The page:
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Opinion

How the Office for National Statistics is changing to make data more inclusive

The Office for National Statistics is changing how it collects analyses UK data to ensure it reflects our society and includes marginalised groups like people experiencing homelessness, says national statistician Professor Sir Ian Diamond.

Timely data and analysis are key to effective decisions. But it’s not enough to just track general trends across our whole population. Society is made up of different groups who have different experiences: experiences that we need to recognise and understand if we want a society where everyone can thrive.  

Through the painstaking analysis of data from the Census, death registrations, primary care and hospital records, and the National Immunisation Management System, we have recently found that the Bangladeshi ethnic group and men from the Pakistani ethnic group remained at higher risk than white British people in the third Covid wave, even after adjusting for vaccination status.  

It’s just one example of the vital importance of being able to break down data by groups and characteristics. This is something we’ve been doing for many years, providing the evidence needed for better policies and interventions. It’s because of analysis that considers the experiences of different groups in our society that we can track the pay gap between sexes and ethnicities, show the disparity in life expectancy among different socio-economic groups and much more. 

But while statistics like these play an important role in uncovering inequalities and highlighting differing experiences, there remain notable gaps and groups who remain under-represented in our data: a significant challenge in these rapidly changing times. 

To better understand these gaps and gather evidence to create our new Inclusive Data Taskforce Implementation Plan, I commissioned an external taskforce in 2020 to consult with groups across our society and look at the inclusivity of UK data. This work has allowed us to identify those for which even basic demographic information is lacking, such as gender-diverse people, homeless people, Travellers, and children. 

The reasons for the gaps in data are often complex and differ greatly, but we are committed to filling them and have developed a new plan across the UK statistical system to make sure everyone is counted, and no one is left behind. 

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We know that for some of these groups, such as homeless people and Travellers, data are scarce as they are harder to reach and less likely to access public services. New initiatives that will help to address this include working with the Department for Levelling Up, Housing and Communities and the devolved administrations to improve data on people not living in households, and the addition of multimodal surveys that give people more options to participate.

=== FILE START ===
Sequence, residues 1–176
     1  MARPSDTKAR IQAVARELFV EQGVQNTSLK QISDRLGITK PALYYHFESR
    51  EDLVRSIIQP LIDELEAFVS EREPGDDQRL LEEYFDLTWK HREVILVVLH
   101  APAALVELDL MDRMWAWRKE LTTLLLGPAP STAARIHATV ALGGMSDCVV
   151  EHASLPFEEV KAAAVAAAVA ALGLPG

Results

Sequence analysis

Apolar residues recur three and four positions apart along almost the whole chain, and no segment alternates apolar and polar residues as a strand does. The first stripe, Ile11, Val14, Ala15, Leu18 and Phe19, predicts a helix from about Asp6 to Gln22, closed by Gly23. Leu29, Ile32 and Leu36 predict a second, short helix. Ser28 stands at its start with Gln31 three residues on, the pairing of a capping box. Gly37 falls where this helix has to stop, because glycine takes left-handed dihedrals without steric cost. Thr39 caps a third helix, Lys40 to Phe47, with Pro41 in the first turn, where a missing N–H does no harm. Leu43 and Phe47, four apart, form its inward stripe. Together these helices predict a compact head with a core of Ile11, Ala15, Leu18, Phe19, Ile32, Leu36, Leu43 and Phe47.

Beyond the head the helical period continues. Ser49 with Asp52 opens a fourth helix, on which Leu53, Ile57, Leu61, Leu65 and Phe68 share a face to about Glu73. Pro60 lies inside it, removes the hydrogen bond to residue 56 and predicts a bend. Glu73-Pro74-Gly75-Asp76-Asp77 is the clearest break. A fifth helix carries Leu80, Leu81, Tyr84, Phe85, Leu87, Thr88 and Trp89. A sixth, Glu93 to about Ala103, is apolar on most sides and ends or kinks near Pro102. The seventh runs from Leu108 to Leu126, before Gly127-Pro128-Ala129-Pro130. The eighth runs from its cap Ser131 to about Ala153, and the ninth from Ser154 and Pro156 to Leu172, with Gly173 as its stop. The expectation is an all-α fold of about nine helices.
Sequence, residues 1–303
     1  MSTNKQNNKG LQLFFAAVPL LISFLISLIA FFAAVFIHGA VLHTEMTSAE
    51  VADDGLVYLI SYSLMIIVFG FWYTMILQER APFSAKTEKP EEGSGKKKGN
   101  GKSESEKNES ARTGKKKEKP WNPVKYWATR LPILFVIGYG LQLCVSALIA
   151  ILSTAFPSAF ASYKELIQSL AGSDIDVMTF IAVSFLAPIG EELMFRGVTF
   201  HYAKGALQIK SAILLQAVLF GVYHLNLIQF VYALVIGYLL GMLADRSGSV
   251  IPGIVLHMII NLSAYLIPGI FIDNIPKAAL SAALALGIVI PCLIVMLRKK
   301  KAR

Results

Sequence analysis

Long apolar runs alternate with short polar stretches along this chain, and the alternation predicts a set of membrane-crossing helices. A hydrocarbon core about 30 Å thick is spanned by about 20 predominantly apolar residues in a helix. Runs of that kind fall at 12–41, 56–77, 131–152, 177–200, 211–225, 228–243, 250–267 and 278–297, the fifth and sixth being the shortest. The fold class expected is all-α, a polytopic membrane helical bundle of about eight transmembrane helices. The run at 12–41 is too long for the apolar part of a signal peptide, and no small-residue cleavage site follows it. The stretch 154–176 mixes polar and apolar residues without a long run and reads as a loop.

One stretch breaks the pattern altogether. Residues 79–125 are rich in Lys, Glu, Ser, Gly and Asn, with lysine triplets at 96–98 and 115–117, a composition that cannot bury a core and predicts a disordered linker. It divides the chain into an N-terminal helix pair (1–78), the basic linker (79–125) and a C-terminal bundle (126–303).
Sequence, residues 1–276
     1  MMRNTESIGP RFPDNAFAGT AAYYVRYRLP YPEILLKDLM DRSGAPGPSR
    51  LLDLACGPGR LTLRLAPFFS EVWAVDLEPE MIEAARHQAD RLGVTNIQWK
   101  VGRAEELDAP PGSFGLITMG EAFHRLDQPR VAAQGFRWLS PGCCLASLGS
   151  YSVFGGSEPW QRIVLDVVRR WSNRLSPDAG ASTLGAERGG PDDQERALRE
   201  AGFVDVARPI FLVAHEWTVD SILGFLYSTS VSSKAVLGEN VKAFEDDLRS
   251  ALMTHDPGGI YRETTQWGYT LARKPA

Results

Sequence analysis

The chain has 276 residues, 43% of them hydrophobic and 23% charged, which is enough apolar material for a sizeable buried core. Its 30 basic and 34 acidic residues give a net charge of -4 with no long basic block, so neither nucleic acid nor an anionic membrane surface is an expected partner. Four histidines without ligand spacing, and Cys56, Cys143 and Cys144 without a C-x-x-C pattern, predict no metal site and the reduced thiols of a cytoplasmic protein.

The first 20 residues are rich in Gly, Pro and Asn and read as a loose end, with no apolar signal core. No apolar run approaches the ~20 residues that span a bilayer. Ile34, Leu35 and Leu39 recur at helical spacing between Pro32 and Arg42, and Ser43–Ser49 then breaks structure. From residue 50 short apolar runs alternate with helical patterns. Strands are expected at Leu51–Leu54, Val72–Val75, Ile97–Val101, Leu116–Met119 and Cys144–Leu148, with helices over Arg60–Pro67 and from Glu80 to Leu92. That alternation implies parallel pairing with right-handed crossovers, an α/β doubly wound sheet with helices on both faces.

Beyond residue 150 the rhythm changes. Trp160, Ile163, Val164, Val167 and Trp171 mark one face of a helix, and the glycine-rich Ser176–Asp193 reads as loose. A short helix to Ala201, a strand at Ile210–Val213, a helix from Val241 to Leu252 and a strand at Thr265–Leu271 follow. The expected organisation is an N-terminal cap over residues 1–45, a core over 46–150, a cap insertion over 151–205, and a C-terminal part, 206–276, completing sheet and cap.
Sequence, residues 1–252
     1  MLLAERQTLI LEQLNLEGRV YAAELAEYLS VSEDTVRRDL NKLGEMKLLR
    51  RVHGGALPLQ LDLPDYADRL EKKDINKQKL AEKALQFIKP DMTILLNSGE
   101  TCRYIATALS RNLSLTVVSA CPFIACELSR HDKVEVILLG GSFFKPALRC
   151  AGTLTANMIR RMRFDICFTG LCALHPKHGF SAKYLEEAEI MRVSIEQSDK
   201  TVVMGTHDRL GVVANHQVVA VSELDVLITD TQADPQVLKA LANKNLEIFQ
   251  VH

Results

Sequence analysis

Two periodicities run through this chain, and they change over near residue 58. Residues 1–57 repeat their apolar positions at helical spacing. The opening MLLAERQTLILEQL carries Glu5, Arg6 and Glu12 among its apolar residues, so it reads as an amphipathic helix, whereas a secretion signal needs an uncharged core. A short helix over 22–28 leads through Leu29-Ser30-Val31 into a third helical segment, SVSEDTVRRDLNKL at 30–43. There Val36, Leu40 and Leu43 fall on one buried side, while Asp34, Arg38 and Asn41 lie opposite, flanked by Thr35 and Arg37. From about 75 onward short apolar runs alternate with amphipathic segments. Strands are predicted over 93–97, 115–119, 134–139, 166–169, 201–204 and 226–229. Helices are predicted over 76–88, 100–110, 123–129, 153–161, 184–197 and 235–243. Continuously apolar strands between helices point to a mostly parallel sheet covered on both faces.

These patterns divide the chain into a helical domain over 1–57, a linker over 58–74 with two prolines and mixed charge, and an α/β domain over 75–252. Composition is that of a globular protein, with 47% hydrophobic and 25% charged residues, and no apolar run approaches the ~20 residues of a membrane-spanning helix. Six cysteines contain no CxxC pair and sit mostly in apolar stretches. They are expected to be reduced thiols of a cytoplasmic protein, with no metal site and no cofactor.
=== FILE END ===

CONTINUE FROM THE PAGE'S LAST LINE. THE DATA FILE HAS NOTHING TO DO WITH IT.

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Even for those who are included in the data infrastructure, there are gaps in the information that is collected. For example, although data on sexual orientation and disability are collected in several UK sources, there is a scarcity of information on the differing experiences and outcomes of people in terms of these characteristics. There are several ways we will address this, including the updating of standards and guidance for measuring sex and gender, disability and mental health, ethnicity and religion, and the development of a new ONS household survey in partnership with the Cabinet Office on the experiences of disabled people. 

With children, even though we do have data for them, it is often collected from people other than children themselves and therefore children’s own voices may not be heard. New initiatives that will help to address this include two Department for Education cohort studies which will follow children from the age of nine months to the end of primary school, delivering new insights into educational attainment for children with different characteristics and experiences.

ONS will also work with the Cabinet Office’s Race Disparity Unit to make linked data on births and infant mortality by a range of characteristics available to approved researchers via the Secure Research Service, providing insights into maternal health disparities.  

This is just some of what will be happening to transform the inclusivity of UK data. We know where the gaps are, so now it’s time to act. Through collaboration with other UK government departments, the devolved administrations and more widely across the system of data producers in the UK, we can make a real and lasting difference. 

This lasting difference will be achieved by building trust with those participating in data supply, improving inclusion and conceptual measurement of currently under-represented population groups, and improvements in the accessibility of data and analysis. 

The UK has robust, dependable statistics. But the more complete our coverage of all sections of society is, and the more precisely we can use data to analyse different aspects of people’s lives, the more valuable our insights will be. Our new plan is a significant milestone but there is still more to be done. As we progress this work, we will continue our interaction with different population groups and those currently under-represented in UK data to ensure that everyone has a voice. 

Professor Sir Ian Diamond is national statistician at the Office for National Statistics

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